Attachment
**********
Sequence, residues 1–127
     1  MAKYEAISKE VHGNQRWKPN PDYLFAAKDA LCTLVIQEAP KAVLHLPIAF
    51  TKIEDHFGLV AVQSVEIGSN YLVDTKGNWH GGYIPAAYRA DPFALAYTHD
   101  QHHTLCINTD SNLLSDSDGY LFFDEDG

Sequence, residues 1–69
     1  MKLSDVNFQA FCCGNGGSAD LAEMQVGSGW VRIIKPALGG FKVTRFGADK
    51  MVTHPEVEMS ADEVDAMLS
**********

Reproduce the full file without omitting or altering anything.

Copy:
Sequence, residues 1–127
     1  MAKYEAISKE VHGNQRWKPN PDYLFAAKDA LCTLVIQEAP KAVLHLPIAF
    51  TKIEDHFGLV AVQSVEIGSN YLVDTKGNWH GGYIPAAYRA DPFALAYTHD
   101  QHHTLCINTD SNLLSDSDGY LFFDEDG

Sequence, residues 1–69
     1  MKLSDVNFQA FCCGNGGSAD LAEMQVGSGW VRIIKPALGG FKVTRFGADK
    51  MVTHPEVEMS ADEVDAMLS